Pandemic All-Star: Val Hussey, School Food Service Director, Hardwick | Education | Seven Days | Vermont's Independent Voice

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Pandemic All-Star: Val Hussey, School Food Service Director, Hardwick


Published June 9, 2021 at 10:00 a.m.
Updated June 15, 2021 at 2:50 p.m.

Val Hussey, School food service director, Hardwick; From left: Val Hussey, Debbie DeVoe, Jayme Lowell, Shannon Walker and Ruth McAllister in the kitchen at Hardwick Elementary School - JEB WALLACE-BRODEUR
  • Jeb Wallace-brodeur
  • Val Hussey, School food service director, Hardwick; From left: Val Hussey, Debbie DeVoe, Jayme Lowell, Shannon Walker and Ruth McAllister in the kitchen at Hardwick Elementary School

When Vermont schools abruptly shut their doors in March last year, Val Hussey scrambled to keep the kids in her community fed.

The Hardwick native has been feeding neighbors for 35 years. Hussey, 62, and her ex-husband ran a quick-stop market and deli famous for its seafood chowder. She's since spent more than two decades cooking in local schools.

While some think school cafeteria workers should be called food service professionals or chefs, Hussey goes no-frills. "You go to the beach or store and kids are like, 'There's the lunch lady. Thank you, lunch lady!'" she said. "I always want to be the lunch lady."

Pre-pandemic, Hussey managed the teams that cooked breakfast and lunch for more than 200 elementary students in Hardwick and Woodbury. They bought from local farms, baked muffins and made shepherd's pie from scratch.

But on March 17, 2020, Hussey's job took a hairpin turn. "The schools closed at the end of the day, and they told us, 'We're going to deliver meals to homes,'" she recalled. "Nobody could tell us how to do it because it hadn't been done before."

School buses would handle delivery, but Hussey had to figure out — overnight — how to source, prepare and package about 2,000 meals a week.

Hardwick has received a lot of publicity for being "the town that food saved," part of the title of a 2010 book about the area's agricultural renaissance. But within 10 miles of a cheesemaker who produces artisan wedges priced at $32 a pound, more than half of the town's grade-schoolers qualify for free or reduced-price meals.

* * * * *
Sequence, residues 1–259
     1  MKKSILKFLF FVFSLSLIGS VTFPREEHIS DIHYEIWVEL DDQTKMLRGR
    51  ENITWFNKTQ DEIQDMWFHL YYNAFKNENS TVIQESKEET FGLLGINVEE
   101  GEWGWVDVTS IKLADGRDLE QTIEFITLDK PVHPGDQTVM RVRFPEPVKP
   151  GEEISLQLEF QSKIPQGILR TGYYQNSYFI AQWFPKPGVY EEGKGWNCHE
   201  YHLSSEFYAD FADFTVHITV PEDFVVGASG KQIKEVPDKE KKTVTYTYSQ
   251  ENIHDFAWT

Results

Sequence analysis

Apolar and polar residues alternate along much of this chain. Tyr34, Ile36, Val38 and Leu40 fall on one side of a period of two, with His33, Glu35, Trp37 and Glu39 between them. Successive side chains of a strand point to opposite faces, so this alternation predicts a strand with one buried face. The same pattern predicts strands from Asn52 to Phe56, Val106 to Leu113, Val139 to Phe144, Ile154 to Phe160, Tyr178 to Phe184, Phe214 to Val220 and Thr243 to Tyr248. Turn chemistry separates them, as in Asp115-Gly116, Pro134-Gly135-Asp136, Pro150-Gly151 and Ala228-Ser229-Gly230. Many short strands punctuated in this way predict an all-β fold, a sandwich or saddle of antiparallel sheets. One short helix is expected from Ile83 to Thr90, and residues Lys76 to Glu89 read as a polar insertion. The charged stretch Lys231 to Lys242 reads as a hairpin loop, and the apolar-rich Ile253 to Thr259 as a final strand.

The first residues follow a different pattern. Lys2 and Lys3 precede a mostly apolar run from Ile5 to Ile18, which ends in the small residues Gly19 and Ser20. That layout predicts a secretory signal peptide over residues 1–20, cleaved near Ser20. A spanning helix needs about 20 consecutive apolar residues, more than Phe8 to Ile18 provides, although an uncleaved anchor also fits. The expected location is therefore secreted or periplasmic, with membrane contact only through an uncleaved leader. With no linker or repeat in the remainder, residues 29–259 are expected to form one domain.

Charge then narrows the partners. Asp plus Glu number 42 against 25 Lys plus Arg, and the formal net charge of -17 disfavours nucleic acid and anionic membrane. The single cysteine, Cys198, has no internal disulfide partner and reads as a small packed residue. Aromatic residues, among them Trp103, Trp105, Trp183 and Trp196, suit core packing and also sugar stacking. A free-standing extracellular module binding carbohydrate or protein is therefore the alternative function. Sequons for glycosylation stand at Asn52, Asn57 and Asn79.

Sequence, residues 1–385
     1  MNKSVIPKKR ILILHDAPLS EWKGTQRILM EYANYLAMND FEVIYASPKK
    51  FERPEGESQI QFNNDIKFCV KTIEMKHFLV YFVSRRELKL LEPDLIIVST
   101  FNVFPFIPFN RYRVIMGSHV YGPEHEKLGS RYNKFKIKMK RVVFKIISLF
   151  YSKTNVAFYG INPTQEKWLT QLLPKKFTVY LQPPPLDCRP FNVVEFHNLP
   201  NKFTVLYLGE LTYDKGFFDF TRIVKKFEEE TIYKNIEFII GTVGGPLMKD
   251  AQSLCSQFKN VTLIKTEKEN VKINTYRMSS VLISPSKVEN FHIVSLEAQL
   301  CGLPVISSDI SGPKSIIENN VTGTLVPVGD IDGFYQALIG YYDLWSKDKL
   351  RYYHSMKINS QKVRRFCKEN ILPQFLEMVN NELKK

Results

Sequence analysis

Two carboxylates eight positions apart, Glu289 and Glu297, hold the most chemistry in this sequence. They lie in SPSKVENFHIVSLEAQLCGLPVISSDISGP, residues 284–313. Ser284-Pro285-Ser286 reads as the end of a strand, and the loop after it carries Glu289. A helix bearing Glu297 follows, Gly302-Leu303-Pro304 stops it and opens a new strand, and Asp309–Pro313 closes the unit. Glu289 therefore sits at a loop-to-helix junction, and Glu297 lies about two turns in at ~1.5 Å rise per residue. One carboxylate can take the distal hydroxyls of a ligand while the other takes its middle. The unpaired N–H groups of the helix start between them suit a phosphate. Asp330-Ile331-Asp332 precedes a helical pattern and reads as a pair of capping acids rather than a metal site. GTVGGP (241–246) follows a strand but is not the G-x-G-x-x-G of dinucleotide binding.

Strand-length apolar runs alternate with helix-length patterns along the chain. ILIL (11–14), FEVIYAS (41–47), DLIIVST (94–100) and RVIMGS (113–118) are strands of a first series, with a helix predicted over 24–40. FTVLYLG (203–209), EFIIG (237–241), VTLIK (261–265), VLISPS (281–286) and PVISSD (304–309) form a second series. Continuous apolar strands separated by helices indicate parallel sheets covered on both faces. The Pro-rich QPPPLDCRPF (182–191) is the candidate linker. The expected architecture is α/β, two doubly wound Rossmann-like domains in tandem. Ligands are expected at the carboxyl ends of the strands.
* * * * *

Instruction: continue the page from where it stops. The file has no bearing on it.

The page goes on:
And that was before the pandemic.

Hussey knew that, with lockdown, layoffs and juggling work with full-time childcare, family budgets and nerves would be stretched to breaking. She was worried for the kids, especially younger ones. "They can't go to the cupboard and get food and prepare themselves meals — and a lot of these homes don't have food in the cupboards," she said. "We're here to look out for these kids."

Hussey coped with shortages of staffing, as well as takeout packaging and single-serve foods, which school districts nationwide needed urgently all at once.

"You got what you got, and you had to make it work," she said. After Hussey realized it made sense to deliver milk in bulk rather than in small cartons, she created a color-coded chart detailing which size household got quarts and which gallons.

When kitchen staffers were quarantined, paraeducators did dishes. A teacher helped deliver meals. "God bless her," Hussey said. "We used a lot of bleach and a lot of gloves, and people showed up."

Over the last year, Hussey has added Greensboro's elementary school food program to her management responsibilities at Hardwick and Woodbury and was promoted to food service director for the Orleans Southwest Supervisory Union.

"Her great team says a lot about Val — the efficiency, the love and caring," Hardwick Elementary principal Patrick Pennock said. Even with students back in person, COVID-19 exposures have required several eleventh-hour switches back to delivery. "She turns on a dime to get meals out to kids."

"When I'd go home at night, I was always thinking of a more efficient way, of new items to serve," Hussey recalled. "If so-and-so isn't on my list, [I'd think], I wonder if they need food?"

Thanks to emergency expansion of the federal school meals program, all kids currently qualify for free meals, but families must sign up.

Josh Peets lives in Hardwick with his partner and two daughters. He kept working but with reduced hours initially. If not for the school meals, "I wouldn't have been able to pay rent," Peets said. His girls, he added, would stand watch for the deliveries: "They liked the routine."

Early in the pandemic, "some days were so chaotic that I would forget to sign up," Peets explained. "Val would personally make sure [meals] got to the house. She didn't have to do that. What a relief to come home to them."

Editor note: To choose Vermont's Pandemic All-Stars, we surveyed our readers on the people, places and programs that kept them going — and going — during the COVID-19 pandemic. Space limitations prevented us from recognizing every pick worthy of public praise.

The original print version of this article was headlined "Lunch lady"